A New Mindfulness Exercise: Finding and Connecting with Shells

I have been experimenting with a new mindfulness exercise with my patients on the beach, and I hope that you’ll offer yourself (or someone else) the opportunity to try it. If you’re not near a beach, maybe you can find some “sand” and shells at a craft store nearby and create your own beach in a bowl. Or you can use this as an inspiration to use other natural objects. Here’s how it goes:

1) Rub your hand over the sand and find shells. Do so mindfully, without labeling or judging, by bringing your awareness to the sensations in your hand and noticing textures, temperature, dampness, etc. Observe your thoughts and feelings and allow them to pass by you as you tune into your hand, the sand, and the shells. Notice other things you might find, such as sea weed or rocks. Dig your fingers in if you need to and pick out fragments of shells too. Set the shells aside.

2) Take a moment to arrange the shells next to each other, however you’d like, so that you’re able to see them. As you do so, notice their colors, sizes, and shapes. Think of each shell as a moment in your day. Take one shell in your hand and closely examine its colors. Pretend that each color represents a feeling. As you hold that shell, think of this very moment; can you identify the feelings you’re experiencing now? Can you think about the intensity of the feelings on a 1-10 scale? What is the most intense feeling? Assign it the color that’s most prominent on the shell and do this with at least 3 more feelings/colors, so that the less intense the feeling, the less of that color is visible on the shell. We may only focus on one or two feelings at any given moment, but there are usually more.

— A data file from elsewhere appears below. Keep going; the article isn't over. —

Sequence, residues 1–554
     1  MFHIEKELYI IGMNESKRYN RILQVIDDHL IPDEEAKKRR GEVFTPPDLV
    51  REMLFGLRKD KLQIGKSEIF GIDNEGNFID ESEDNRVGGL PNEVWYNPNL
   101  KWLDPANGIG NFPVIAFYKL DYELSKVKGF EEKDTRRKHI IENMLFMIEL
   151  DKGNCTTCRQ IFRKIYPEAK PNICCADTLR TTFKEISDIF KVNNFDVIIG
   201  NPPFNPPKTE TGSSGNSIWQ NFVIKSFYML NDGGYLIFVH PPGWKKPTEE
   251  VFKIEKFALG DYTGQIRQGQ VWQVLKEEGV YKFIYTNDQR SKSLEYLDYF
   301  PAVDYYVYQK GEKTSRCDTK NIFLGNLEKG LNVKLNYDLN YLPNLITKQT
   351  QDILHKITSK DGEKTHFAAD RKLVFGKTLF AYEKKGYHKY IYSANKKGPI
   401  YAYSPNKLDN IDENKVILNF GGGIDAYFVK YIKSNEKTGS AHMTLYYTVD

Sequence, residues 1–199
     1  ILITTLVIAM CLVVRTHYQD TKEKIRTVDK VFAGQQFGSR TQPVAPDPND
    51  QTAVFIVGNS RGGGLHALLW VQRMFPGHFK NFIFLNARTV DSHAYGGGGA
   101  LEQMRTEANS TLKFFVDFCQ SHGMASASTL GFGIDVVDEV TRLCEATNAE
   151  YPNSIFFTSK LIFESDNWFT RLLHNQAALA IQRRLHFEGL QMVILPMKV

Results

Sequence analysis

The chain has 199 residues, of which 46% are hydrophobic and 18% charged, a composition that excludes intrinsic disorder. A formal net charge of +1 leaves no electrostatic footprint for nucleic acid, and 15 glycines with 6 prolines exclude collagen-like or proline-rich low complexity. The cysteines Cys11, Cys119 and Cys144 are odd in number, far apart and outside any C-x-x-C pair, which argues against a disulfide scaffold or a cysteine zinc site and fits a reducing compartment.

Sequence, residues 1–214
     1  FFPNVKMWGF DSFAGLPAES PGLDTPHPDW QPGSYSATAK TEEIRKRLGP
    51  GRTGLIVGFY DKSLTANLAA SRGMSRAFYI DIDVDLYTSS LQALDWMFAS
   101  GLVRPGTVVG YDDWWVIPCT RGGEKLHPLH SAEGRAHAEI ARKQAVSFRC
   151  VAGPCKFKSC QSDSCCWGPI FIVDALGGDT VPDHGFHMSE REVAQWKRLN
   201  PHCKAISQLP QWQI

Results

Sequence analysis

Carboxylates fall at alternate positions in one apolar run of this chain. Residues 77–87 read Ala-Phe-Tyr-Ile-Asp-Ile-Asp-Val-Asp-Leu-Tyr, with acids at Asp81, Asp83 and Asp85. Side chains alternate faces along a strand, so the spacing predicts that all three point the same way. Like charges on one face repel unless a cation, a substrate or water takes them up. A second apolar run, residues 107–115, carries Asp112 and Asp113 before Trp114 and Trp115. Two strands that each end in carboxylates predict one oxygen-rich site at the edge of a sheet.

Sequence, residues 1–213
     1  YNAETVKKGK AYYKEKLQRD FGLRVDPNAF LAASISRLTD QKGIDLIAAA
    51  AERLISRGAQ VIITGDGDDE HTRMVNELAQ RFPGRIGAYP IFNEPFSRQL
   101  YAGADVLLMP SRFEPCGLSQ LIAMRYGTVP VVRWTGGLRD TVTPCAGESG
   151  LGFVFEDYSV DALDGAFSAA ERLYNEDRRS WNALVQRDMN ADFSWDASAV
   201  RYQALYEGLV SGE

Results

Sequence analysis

3) As you set the shell down with the others, notice how they look different in their physical characteristics yet they share many similarities. As you look at them, think of each shell representing a moment in your day and notice that feelings or their intensity may vary from one moment to the next. Some moments have more anger in them whereas others have more joy. The feelings might still be there, but their intensity changes. The shells also vary in their size, perhaps that’s the length of the moment or its impact. Some are fragments of shells and I think of them as moments interrupted by distractions, such as thoughts or electronic devices steering our attention away from the moment. When you think about your day, would you find more whole moments or interrupted ones?

4) Practicing mindfulness throughout the day would allow us to acknowledge when our feelings shift and to notice that our needs might shift as well. We might feel anxious one moment, then a comforting thought might help shift our anxiety more toward calm. This could change our physiology, our thoughts, and our behaviors, so what we might have needed in the first moment may not be relevant in the next.

5) What did you learn from this exercise? How can you apply what you learned in your day?